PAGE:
Presentation on theme: "Da Coventry Patmore a Jonatha Brooke (1859-1993)."— Presentation transcript:
Da Coventry Patmore a Jonatha Brooke (1859-1993)
Julia Margaret Cameron’s photograph “The Angel in the House”
“The Angel in the House was a domestic woman, a woman who had no existence outside of the context of her home and whose sole window on the world is her husband.” Elaine Hartnell, “Nothing but Sweet and Womanly: A Hagiography of Patmore’s Angel”, in Victorian Poetry 34.4 (1996): 457-476
Betty Friedan, The Feminine Mystique (1963). Barbara Welter, The Cult of True Womanhood (1966). “When masculinty and femininity are constructed to generate such rigid and narrow gender roles, it contributes to a culture of violence against women. People with more resources are more likely to be abusive towards those without resources” Hattery and Smith, The Social Dynamics of Family Violence, (2012). Simone de Beouvoir, Le deuxiéme sexe (1949). Michel Foucault, Histoire de la Sexualité (1976). Judith Butler, Gender Trouble (1990); Undoing Gender (2004).
Works by Coventry Patmore Poetry Poems (1844) The Angel in the House (1854) The Espousals (1856) Faithful for Ever (1860) The Victories of Love, (1862) The Unknown Eros and other Odes (1877) Essays Principle in Art (1879) Religio Poetae (1893) The Rod, the Root, and the Flower (1895) Courage in Politics, and Other Essays (1885-1896)
The Angel in the House Four Parts The Angel in the House (1854) The Espousals (1856) Faithful Forever (1860) The Victories of Love (1862)
Man must be pleased; but him to please Is woman's pleasure; down the gulf Of his condoled necessities She casts her best, she flings herself. How often flings for nought! and yokes Her heart to an icicle or whim, Whose each impatient word provokes Another, not from her, but him; While she, too gentle even to force His penitence by kind replies, Waits by, expecting his remorse, With pardon in her pitying eyes.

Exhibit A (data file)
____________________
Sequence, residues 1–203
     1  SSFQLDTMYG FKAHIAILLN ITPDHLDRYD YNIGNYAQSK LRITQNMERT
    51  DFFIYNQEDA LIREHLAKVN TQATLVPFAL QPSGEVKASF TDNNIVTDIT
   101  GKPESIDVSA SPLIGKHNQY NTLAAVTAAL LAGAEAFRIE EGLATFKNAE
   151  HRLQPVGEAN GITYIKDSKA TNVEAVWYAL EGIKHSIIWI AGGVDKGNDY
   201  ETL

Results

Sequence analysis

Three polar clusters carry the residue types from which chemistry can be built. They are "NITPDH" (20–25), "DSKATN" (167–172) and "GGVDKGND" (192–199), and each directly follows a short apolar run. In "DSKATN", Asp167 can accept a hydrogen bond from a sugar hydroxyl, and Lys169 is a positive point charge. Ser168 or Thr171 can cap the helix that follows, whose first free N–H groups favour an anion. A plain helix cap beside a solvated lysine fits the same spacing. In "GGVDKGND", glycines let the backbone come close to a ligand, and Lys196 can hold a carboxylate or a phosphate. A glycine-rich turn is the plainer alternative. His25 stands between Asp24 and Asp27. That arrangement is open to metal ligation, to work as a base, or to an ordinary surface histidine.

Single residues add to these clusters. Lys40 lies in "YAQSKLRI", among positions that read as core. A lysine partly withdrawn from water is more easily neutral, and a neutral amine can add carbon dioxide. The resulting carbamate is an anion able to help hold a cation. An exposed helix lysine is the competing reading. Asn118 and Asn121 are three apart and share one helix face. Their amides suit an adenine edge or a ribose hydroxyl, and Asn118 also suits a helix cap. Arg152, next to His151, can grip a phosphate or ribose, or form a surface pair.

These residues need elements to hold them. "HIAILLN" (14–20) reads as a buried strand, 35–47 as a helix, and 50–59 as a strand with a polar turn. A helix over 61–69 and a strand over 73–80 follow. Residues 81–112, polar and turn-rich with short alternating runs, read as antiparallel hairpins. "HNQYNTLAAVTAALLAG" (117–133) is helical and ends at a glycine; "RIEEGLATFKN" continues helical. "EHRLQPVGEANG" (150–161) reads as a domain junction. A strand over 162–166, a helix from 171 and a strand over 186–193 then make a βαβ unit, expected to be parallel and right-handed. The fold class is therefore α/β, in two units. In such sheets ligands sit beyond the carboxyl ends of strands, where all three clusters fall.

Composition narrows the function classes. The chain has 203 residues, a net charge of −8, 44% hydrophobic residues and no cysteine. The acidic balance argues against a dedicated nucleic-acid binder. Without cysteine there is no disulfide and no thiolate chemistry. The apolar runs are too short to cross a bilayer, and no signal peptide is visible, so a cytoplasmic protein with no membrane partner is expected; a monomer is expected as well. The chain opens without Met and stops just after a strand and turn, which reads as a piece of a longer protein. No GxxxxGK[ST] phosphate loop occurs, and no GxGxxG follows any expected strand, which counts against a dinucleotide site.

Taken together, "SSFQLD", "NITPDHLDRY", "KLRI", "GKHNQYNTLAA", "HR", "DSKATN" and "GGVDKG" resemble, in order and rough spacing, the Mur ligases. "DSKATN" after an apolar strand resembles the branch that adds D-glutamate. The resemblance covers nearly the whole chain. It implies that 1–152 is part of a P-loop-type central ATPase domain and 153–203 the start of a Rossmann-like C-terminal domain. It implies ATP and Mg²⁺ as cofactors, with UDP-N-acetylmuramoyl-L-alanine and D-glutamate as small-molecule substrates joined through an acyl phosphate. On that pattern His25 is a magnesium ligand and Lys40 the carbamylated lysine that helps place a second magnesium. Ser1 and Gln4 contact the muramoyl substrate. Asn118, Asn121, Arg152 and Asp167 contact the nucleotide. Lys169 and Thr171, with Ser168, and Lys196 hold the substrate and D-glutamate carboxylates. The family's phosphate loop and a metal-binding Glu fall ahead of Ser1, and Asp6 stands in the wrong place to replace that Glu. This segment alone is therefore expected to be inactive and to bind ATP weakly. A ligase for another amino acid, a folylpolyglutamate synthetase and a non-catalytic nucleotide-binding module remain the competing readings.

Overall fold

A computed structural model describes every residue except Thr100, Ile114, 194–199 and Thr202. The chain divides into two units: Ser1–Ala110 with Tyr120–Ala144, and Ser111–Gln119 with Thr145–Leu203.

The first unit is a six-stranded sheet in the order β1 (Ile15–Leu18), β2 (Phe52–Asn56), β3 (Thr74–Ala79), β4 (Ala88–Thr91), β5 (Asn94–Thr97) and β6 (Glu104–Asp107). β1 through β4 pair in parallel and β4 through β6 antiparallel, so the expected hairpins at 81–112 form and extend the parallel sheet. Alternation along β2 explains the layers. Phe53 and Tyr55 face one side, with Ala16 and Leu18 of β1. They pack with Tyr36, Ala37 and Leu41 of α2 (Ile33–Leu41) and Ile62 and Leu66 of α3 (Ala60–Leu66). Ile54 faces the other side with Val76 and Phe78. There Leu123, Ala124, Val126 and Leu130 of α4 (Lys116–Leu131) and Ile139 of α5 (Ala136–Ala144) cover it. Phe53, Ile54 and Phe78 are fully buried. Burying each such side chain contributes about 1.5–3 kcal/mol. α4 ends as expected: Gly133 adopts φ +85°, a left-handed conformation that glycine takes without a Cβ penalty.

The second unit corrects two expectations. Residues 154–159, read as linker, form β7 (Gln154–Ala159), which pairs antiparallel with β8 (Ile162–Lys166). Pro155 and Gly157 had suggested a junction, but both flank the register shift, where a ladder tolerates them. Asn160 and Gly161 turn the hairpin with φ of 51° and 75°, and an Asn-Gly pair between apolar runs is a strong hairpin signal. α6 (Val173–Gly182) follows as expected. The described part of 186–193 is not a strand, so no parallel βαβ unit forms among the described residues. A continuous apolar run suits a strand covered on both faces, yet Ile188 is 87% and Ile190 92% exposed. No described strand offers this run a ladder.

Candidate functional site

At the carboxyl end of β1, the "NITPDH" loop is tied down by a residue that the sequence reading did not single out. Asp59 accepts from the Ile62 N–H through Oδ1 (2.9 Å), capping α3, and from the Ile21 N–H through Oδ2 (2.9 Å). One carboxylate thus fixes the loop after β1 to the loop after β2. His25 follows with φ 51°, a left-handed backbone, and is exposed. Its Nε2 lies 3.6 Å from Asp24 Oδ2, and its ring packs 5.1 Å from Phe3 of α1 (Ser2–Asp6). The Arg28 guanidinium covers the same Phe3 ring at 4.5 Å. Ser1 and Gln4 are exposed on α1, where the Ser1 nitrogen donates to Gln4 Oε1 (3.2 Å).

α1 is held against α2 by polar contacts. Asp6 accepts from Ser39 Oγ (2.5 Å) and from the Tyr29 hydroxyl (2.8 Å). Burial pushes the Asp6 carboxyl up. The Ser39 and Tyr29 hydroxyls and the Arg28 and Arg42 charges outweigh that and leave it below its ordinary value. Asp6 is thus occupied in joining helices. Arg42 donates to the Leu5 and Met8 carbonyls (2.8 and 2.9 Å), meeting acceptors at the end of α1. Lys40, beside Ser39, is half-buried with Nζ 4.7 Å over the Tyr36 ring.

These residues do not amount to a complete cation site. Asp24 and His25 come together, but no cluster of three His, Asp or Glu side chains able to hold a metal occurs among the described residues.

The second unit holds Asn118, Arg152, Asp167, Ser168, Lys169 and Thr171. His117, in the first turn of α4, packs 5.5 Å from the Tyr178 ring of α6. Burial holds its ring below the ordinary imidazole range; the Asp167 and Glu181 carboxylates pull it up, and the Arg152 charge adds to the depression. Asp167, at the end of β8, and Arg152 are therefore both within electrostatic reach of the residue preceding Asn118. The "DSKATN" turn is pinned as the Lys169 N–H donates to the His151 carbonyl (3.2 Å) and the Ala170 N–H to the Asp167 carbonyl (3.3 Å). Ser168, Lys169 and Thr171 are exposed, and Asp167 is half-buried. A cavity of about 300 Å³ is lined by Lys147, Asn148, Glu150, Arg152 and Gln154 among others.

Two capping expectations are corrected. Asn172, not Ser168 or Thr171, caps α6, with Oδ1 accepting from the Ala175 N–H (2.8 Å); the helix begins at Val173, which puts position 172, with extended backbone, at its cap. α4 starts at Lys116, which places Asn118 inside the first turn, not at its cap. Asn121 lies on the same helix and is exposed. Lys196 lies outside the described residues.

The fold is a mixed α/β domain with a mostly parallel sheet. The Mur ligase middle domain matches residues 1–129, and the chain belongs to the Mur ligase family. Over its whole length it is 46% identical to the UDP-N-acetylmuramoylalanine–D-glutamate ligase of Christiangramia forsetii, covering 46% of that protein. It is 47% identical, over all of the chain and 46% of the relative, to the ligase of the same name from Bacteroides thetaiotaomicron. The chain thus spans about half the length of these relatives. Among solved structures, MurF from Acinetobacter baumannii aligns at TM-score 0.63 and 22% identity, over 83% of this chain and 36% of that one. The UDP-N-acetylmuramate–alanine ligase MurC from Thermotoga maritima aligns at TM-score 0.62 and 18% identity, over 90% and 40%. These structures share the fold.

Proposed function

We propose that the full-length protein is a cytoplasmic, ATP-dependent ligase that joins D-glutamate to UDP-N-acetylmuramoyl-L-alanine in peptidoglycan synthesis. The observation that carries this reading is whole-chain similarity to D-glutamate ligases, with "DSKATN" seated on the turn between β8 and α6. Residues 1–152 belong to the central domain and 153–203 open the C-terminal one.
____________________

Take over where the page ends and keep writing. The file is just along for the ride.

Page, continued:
And if he once, by shame oppress’d, A comfortable word confers, She leans and weeps against his breast, And seems to think the sin was hers; Or any eye to see her charms, At any time, she’s still his wife, Dearly devoted to his arms, She loves with love that cannot tire; And when, ah woe, she loves alone, Through passionate duty love springs higher, As grass grows taller round a stone.
His merits in her presence grow, to match the promise in her eyes, and round her happy footsteps blow the authentic airs of Paradise.
“This centrality of the male narrator may be construed as simply keeping in with the gender relationship obtaining during the Victorian era (461).” Elaine Hartnell, “Nothing but Sweet and Womanly: A Hagiography of Patmore’s Angel”, (1996). “Women have been associated in a stereotypical way with both good and evil. As an angel in the house, woman has been credited with natural goodness, an innate allegiance to a law of kindness. But this same description extals her as infantile, weak and mindless. A creature in costant need of a male supervision and protection. Undertones of sadism run throughout Coventry Patmore’s hymn to the angel who is in reality a prisoner in the house she graces (59)”. Nel Noddings, Women and Evil, (1984).
“The Angel in the House is a victorinisation of one of the major abstractions of courtly lyric and romance (Honour)” (140). “Honoria is for Felix (the felix wooer) what Beatrice is for Dante, but a Beatrice that finally marries him, the Queen of immaculate, clearly unadulterous espousals. A transformation has occurred: the mistress is also the wife”(145). Maurice Montabrut, “Courtly Manners in a Victorian Home: Patmore’s The Angel in the House” (1994)
“And while I was writing this review, I discovered that if I were going to reviewbooks I should need to do battle with a certain phantom. And the phantom was a woman, and when I came to know her better I called her after the heroine of a famous poem, The Angel in the House. It was she who used to come between me and my paper when I was writing reviews. It was she who bothered me and wasted my time and so tormented me that at last I killed her. You who come of a younger and happier generation may not have heard of her--you may not know what I mean by the Angel in the House. I will describe her as shortly as I can. She was intensely sympathetic. She was immensely charming. She was utterly unselfish. She excelled in the difficult arts of family life. She sacrificed herself daily. If there was chicken, she took the leg; if there was a draught she sat in it--in short she was so constituted that she never had a mind or a wish of her own, but preferred to sympathize always with the minds and wishes of others. Above all--I need not say it---she was pure. Her purity was supposed to be her chief beauty--her blushes, her great grace. In those days--the last of Queen Victoria-- every house had its Angel. And when I came to write I encountered her with the very first words. The shadow of her wings fell on my page; I heard the rustling of her skirts in the room.